Through war, with love

Centenarian Joan Fowler with four of her boys, from left: Greg, Ross, Alex and Graeme. Photo: Bruce Barnard.

Joan Fowler cruised past 100 years this week – despite the worst efforts of wartime Germany to bomb her into oblivion, giving birth during an air raid, and a Japanese submarine plotting to send her to the bottom of the Pacific.

“Terrified I was.”

Terrified on every occasion.

She’s lived a chunk of her five score years on a knife edge and made at least one rash life decision - she agreed to marry a “bit of a hunk”, a Kiwi air force officer, after knowing him just three weeks.

“Oh yes, he was very nice. He was lovely.” But that was the war – no time to angst, you just got things done.

A fortuitous decision as it turned out – because she was wed to Duncan for about 70 years and had six kids with him. And when 100 years ticked over for Joan on Wednesday, four of the boys were at the Matua Lifecare Village fussing over Mum, the birthday girl with the shock of white curls, as well as a sprinkling of her 55 grand and great grandchildren.

The boys – Alex, Ross, and twins Graeme and Greg – are in their 60s and 70s and Joan still calls them “dear”, and they’re not too old to give an industrial strength hug.

The exploits of centenarian Joan Fowler begin for us in the maelstrom of WW2 when a Royal New Zealand Air Force officer Duncan Fowler, stationed at Upper Heyford RAF base in Oxfordshire, had a weekend off with a mate from the north-east fishing town of Hull, or ‘ull as locals call it. He meets a grocer shop girl called Joan and is smitten.

He must have been, because his diaries later tell of him cycling 70 kilometres through snow drifts to the nearest train station to spend just one evening with Joan of Hull. Then back fighting Hitler the very next day. That’s love.

The relationship raced ahead at a breathless rate because the same diary tells how Duncan would bundle up all his washing at the air base and post it to Joan. It would be posted back laundered, ironed and packaged.

Then the Luftwaffe came calling at Hull.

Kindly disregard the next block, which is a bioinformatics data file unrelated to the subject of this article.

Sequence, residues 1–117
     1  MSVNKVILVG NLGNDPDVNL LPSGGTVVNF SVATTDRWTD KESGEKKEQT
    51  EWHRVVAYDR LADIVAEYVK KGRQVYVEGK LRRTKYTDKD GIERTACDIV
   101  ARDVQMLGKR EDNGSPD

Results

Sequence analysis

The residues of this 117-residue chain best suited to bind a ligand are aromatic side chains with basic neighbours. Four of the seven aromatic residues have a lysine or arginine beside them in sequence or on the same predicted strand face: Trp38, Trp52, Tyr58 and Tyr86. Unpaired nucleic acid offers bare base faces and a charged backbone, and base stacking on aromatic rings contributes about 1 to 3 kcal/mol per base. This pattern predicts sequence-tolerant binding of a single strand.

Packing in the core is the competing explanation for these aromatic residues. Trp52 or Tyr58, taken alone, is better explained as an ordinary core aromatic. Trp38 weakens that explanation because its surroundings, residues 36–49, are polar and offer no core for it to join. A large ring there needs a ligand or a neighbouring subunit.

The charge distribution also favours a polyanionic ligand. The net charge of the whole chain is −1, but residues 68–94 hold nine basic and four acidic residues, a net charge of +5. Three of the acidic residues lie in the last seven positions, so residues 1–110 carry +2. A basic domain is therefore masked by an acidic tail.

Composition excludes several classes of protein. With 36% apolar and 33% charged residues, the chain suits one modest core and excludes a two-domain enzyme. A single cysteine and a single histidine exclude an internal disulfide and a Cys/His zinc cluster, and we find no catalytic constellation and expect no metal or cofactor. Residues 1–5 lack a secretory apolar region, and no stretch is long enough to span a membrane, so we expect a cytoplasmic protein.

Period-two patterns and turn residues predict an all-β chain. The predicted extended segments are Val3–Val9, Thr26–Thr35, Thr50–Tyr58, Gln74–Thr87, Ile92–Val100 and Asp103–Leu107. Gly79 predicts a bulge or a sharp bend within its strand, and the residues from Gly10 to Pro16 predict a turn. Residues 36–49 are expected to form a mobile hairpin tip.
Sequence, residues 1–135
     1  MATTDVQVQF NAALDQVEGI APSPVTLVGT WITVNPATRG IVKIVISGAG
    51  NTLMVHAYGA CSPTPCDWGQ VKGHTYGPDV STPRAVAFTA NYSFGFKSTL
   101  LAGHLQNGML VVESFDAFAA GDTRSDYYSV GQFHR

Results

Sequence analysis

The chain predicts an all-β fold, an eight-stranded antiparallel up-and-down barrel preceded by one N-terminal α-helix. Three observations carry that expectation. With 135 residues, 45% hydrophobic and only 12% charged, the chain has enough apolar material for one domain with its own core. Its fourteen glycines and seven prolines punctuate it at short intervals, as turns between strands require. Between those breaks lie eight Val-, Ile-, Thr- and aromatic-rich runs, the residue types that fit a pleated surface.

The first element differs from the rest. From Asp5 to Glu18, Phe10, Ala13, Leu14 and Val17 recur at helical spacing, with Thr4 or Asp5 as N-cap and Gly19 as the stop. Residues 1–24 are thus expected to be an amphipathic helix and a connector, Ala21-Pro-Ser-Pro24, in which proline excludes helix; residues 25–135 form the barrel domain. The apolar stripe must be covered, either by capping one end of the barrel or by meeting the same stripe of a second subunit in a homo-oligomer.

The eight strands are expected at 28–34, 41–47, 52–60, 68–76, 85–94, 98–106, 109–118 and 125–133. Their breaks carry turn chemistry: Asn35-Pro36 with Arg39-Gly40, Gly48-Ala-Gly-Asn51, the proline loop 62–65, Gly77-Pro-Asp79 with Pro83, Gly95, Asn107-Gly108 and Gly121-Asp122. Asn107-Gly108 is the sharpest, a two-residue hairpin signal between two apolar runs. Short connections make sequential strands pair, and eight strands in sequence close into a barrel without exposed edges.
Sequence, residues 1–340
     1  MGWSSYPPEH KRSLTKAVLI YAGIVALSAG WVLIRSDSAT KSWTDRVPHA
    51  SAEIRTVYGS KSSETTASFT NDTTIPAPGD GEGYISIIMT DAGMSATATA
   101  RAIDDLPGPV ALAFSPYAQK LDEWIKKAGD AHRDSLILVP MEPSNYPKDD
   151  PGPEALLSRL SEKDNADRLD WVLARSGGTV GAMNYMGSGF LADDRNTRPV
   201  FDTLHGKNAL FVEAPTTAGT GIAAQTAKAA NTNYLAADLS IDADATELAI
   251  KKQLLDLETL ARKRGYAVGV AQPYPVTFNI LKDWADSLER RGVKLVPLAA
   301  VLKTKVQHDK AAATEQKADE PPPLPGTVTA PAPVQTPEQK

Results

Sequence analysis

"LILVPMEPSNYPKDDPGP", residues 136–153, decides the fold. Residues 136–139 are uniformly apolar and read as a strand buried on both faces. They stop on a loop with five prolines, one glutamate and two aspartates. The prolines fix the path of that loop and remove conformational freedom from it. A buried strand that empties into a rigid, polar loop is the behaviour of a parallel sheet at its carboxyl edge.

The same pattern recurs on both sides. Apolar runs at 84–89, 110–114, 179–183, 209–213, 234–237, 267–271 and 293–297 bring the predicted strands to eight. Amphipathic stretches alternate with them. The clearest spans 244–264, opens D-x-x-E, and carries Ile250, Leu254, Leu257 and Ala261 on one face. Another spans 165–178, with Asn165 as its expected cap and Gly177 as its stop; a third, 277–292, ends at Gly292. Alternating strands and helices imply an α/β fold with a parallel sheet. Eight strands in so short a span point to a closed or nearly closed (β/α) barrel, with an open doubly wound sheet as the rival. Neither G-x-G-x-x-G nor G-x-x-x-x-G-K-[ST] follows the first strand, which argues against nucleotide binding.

“I was at home giving birth to my eldest son Malcolm during an air raid. The bombs were dropping and exploding all around. Terrified I was.” Because she was in labour, she couldn’t be moved to the air raid shelter. They also had to ply the doctor with whiskey because, he too, was ‘scared stiff.’

Then in 1943 husband Duncan’s tour of duty was over and he was repatriated to New Zealand at short notice – leaving Joan alone in England with the baby.

“The wives and children were repatriated two years later,” says Joan. They were piled aboard the SS Rimutaka, a passenger-cargo ship, for the trip to New Zealand.

And the Japanese picked up where the Germans failed. A Japanese submarine shadowed the Rimutaka for three days and nights down through the Pacific.

“Fortunately the Duke and Duchess of Gloucester were aboard and we had three destroyers for protection. But I was very frightened.”

And all these years later she remains indebted to a crewman off the Rimutaka. “He gave me his own special life jacket. He said if the ship went down I would need it to save Malcolm. He was a very good man and made me feel very safe.”

When the Rimutaka sailed through Wellington Heads, Duncan Fowler called on an old mate, Captain Dodds, the Wellington pilot, to give him a ride out to the ship before it berthed. A surprise for Joan after two years of separation.

“I was in my cabin with my hair in curlers when there was a knock at the door. He just laughed when he saw me. Oh God, how embarrassing.” Didn’t seem to matter because Duncan hung round for another 70 years.

How about some life advice Joan? What makes you happy? After 100 years of experience and observation, you must have some pointers.

She doesn’t even have to ponder it.

“Love your kids. If the kids are happy, then I am happy.” And never be judgmental. Son Greg says she practised her own advice. Even when someone has committed a horrible crime, Joan would hope they could do something for them.

Even after all these years, even though she loves New Zealand, she is still Joan of Hull. There’s still a hint of the official regional twang.

“Of course there is, I am a Pom.” A Pom proudly flying New Zealand colours.

Then she’s off for a special 100th birthday treat. Fish ‘n chips. “Love them.”

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